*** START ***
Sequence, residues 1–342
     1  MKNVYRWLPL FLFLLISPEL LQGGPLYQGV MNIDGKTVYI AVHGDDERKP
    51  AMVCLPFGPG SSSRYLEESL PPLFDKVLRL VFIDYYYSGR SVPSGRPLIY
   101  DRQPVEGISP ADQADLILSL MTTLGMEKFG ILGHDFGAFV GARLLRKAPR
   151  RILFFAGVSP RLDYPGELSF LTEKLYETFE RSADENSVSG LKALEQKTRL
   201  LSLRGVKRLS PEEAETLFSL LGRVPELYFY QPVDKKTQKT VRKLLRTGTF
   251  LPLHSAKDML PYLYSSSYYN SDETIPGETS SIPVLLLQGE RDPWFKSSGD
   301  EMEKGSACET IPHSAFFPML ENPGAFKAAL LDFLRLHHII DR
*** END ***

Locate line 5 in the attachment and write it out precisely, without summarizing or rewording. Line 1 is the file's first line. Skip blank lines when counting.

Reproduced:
   151  RILFFAGVSP RLDYPGELSF LTEKLYETFE RSADENSVSG LKALEQKTRL